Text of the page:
Medical sociology

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Medical sociology is the sociological analysis of medical organizations and institutions; the production of knowledge and selection of methods, the actions and interactions of healthcare professionals, and the social or cultural (rather than clinical or bodily) effects of medical practice. The field commonly interacts with the sociology of knowledge, science and technology studies, and social epistemology. Medical sociologists are also interested in the qualitative experiences of patients, often working at the boundaries of public health, social work, demography and gerontology to explore phenomena at the intersection of the social and clinical sciences. Health disparities commonly relate to typical categories such as class and race. Objective sociological research findings quickly become a normative and political issue.

Early work in medical sociology was conducted by Lawrence J Henderson whose theoretical interests in the work of Vilfredo Pareto inspired Talcott Parsons interests in sociological systems theory. Parsons is one of the founding fathers of medical sociology, and applied social role theory to interactional relations between sick people and others. Key contributors to medical sociology since the 1950s include Howard S. Becker, Mike Bury, Peter Conrad, Jack Douglas, David Silverman, Phil Strong, Bernice Pescosolido, Carl May, Anne Rogers, Anselm Strauss, Renee Fox, and Joseph W. Schneider.

The field of medical sociology is usually taught as part of a wider sociology, clinical psychology or health studies degree course, or on dedicated Master's degree courses where it is sometimes combined with the study of medical ethics/bioethics. In Britain, sociology was introduced into the medical curriculum following the Goodenough report in 1944: "In medicine, ‘social explanations’ of the aetiology of disease meant for some doctors a redirection of medical thought from the purely clinical and psychological criteria of illness. The introduction of ‘social’ factors into medical explanation was most strongly evidenced in branches of medicine closely related to the community — Social Medicine and, later, General Practice" (Reid 1976).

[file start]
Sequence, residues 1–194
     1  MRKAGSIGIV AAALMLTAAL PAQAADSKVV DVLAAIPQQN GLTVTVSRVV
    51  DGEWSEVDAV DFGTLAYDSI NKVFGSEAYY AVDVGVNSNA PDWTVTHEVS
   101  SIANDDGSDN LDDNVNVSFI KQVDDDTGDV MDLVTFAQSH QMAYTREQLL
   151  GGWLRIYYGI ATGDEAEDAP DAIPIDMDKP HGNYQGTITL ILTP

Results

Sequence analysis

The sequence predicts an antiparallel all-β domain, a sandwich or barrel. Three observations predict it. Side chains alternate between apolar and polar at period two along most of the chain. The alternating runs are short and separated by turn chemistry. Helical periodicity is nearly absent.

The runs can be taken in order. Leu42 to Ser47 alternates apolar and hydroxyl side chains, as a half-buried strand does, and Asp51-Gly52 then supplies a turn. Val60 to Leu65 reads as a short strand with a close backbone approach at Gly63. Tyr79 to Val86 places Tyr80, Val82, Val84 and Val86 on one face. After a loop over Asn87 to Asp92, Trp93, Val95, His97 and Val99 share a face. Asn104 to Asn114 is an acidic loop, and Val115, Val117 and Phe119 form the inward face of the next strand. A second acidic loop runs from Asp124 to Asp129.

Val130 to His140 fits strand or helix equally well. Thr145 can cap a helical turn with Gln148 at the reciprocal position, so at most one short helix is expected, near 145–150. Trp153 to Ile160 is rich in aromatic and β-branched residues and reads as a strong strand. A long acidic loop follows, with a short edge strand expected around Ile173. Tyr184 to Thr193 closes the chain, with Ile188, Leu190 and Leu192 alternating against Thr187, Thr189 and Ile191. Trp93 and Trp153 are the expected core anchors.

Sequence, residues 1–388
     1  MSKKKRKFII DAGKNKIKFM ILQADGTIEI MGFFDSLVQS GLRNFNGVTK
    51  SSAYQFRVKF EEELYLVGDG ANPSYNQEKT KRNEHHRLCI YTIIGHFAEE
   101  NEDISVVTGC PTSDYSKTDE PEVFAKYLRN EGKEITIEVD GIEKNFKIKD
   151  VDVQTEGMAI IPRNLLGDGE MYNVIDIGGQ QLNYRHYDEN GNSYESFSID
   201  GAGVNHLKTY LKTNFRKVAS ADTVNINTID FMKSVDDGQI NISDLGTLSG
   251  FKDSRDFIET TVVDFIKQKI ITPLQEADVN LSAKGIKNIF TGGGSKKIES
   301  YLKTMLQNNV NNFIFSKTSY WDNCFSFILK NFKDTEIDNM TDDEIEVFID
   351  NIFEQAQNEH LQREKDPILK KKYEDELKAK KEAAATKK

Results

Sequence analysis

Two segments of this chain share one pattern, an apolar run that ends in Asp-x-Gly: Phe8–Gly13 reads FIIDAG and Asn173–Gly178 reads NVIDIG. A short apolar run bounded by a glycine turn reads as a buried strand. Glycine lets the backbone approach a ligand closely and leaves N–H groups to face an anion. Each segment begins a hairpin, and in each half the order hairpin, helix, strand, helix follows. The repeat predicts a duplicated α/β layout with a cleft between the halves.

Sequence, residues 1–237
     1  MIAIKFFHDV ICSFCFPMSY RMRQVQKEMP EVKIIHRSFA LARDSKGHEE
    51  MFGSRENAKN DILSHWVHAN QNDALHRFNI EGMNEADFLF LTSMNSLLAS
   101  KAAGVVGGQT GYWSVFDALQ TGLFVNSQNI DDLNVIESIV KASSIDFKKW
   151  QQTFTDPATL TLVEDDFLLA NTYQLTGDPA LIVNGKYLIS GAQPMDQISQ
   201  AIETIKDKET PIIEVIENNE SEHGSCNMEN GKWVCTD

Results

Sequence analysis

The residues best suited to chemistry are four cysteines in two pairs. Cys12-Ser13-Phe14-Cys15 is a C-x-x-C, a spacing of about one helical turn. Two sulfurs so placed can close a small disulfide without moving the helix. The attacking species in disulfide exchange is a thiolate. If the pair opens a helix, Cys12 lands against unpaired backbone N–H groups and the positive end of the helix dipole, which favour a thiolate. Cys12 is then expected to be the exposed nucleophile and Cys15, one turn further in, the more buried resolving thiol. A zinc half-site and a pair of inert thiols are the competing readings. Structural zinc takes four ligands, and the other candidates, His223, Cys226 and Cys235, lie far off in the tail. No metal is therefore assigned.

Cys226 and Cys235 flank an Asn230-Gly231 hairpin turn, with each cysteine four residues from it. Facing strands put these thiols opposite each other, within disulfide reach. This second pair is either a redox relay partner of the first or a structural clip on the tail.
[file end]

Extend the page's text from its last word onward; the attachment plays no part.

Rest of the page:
Role of Medical Sociologist in Hospital[edit]

Medical Sociology is a specialization within the field of sociology.Its main interest is in the study of health,health behavior and medical institutions. Illness is viewed not only as a medical problems but also psychological and social problem. The problems presented by patients are not always purely medical but also psycho-social. Diseases such as tuberculosis,leprosy,sexually transmitted diseases have a big social component in their aetiology. Medical sociologist study of social behavioral and cultural factors of illness.A social approach to disease treatment is also emphasized. A successful Medical Sociologist must possess a knowledge of the community and the factors which affects the health of the community.